USA Today: “Nearly two years after the [Consumer Product Safety Improvement Act] was enacted, Congress and the Consumer Product Safety Commission are still struggling to reduce its burden on small businesses while eliminating the risk of lead and phthalates in children’s products. . . . A coalition of small businesses and manufacturers, the Alliance for Children’s Product Safety, has been aggressively fighting the law, saying it is threatening the livelihoods of mom and pop shops like Hertzler’s and costing larger manufacturers billions in lost sales and compliance.”
This story about the affect the toy police and the Consumer Product Safety Improvement Act is from Consumer Product Safety Commissioner Anne Northup. She says:
As a Kentuckian who knows how badly we need more jobs, it’s a shame to hear from a local hometown business who is genuinely trying to comply with the CPSIA, but finding that the costs are so great that they simply cannot afford the testing. Please read the letter I received below and if you have a similar story, email it to me at [email protected]
Commissioner Northup printed parts of the letter in which a small children’s doll maker explains that it stopped making a line of dolls because it could not afford to pay $117,000 to test the dolls’ component parts for lead content. The CPSIA prohibits the sale of any products to children if the product contains more than a super microscopic amount of lead.
The U.S. Consumer Product Safety Commission is warning consumers that they should immediately stop using children’s metal charm bracelets. Hazard: The bracelets contain high levels of cadmium. Laboratory analysis determined that following a 24-hour incubation in simulated stomach acid, over 20,000 micrograms of cadmium were released from the snowman alone. Cadmium can be toxic if ingested by young children and can cause adverse health effects. Incidents/Injuries: None reported.
Recently the Associated Press ran a story about the metal content of a number of items of children’s jewelry made in China. The AP tested some jewelry products and found that some of the items contained cadmium. The article speculated that the manufacturers of these items substituted cadmium in place of lead because of the unrealistic minimum lead content requirement of the Consumer Product Safety Improvement Act (CSPIA). The federal toy police, aka the Consumer Product Safety Commission, has been cracking down on companies that import and distribute or sell children’s products that do not meet the lead content testing requirements of the CSPIA. Testing the lead content of every part of a children’s product is very expensive and impossible for many manufacturers of children’s products. Many manufacturers cannot comply with the CSPIA and simply stop making children’s products.
Eight states are now considering banning excess levels of cadmium in children’s products. These state are California, Connecticut, Florida, Illinois, Minnesota, Mississippi, New Jersey, and New York. The only reason the states and the Consumer Product Safety Commission are considering regulating cadmium in children’s products is because of the January 2010 AP story. From the beginning of recorded time up to the date of the AP story, the toy police haven’t cared the least about the level of cadmium in children’s products. The reason nobody cared is because there are no scientific studies that have shown that “high levels” (what ever that is) of cadmium poses a danger to children who suck on products that contain cadmium.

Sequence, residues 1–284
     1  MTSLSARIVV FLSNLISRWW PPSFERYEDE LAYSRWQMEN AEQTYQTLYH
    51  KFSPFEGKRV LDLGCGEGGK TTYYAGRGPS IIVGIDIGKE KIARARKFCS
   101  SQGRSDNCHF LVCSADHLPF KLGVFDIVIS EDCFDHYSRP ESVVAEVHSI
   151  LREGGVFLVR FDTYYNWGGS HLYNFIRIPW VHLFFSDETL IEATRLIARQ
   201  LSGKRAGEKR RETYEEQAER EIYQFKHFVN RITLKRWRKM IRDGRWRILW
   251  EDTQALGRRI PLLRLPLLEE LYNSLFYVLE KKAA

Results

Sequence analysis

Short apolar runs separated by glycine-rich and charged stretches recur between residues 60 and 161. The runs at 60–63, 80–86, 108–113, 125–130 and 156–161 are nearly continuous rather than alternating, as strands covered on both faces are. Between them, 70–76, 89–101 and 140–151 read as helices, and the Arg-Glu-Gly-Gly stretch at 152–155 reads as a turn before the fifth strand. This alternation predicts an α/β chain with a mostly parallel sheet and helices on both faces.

Another Associated Press story called “N.J. Assembly bill tightens restrictions on toxic content in children’s jewelry,” makes the following unsupported allegation, “Cadmium is a known carcinogen, particularly when inhaled in a factory or other workplace.” It then states, “The exact risks to adults aren’t clear because it typically takes long-term exposure to the metal to cause the diseases.” The Handmade Toy Alliance CSPIA Blog says, “Cadmium, after all, is a naturally occurring element and is found in trace amounts in almost everything from carrots to carpet.” See
Yesterday John Stossel’s TV show on “Crony Capitalism” discussed the incredibly stupid Consumer Product Safety Improvement Act (CPSIA) with CPSC Commissioner Anne Northup. She explained how every component of chidlren’s toys and clothing must now be tested for lead even though it is not possible for the children to ingest enough lead from any of the components to be harmful. The big companies like Mattel and Hasbro love the law because they can afford to test everything while small manufacturers cannot and therefore cannot produce toys or clothing. The law that causing many companies to go out of business. Hundreds of millions of dollars worth of used toys and children’s clothing have been destroyed because organizations like Good Will and the Salvation Army cannot afford to test the used toys and clothing given to them.
For a related story, see “Parents warned against use of cheap kids’ jewelry, which illustrates the law of unintended consequences of the CPSIA. The Associated Press did a study and found that the Chinese are substituting the much more dangerous cadmium in place of lead in children’s jewelry.
U.S. Consumer Product Safety Commission banned the sale of a highly dangerous toy truck imported from China because it’s surface coating contains high levels of lead. This recall involves “Super Rig Transport” toy truck with trailer and vehicles. The truck and trailer are multi-colored, holding two vehicles and two action figures. “Super Rigs Play Set” is labeled on the outside of the packaging. The box back has a bar code square with Item No. 67007, Made in China and Bar Code 6-98567-67007-3. The bottom of the trailer has an engraved code 45TNGO9. Incidents/Injuries: None reported.
If you purchased one of these dangerous toys, please do not let your children eat any part of the truck even if it is first boiled in water.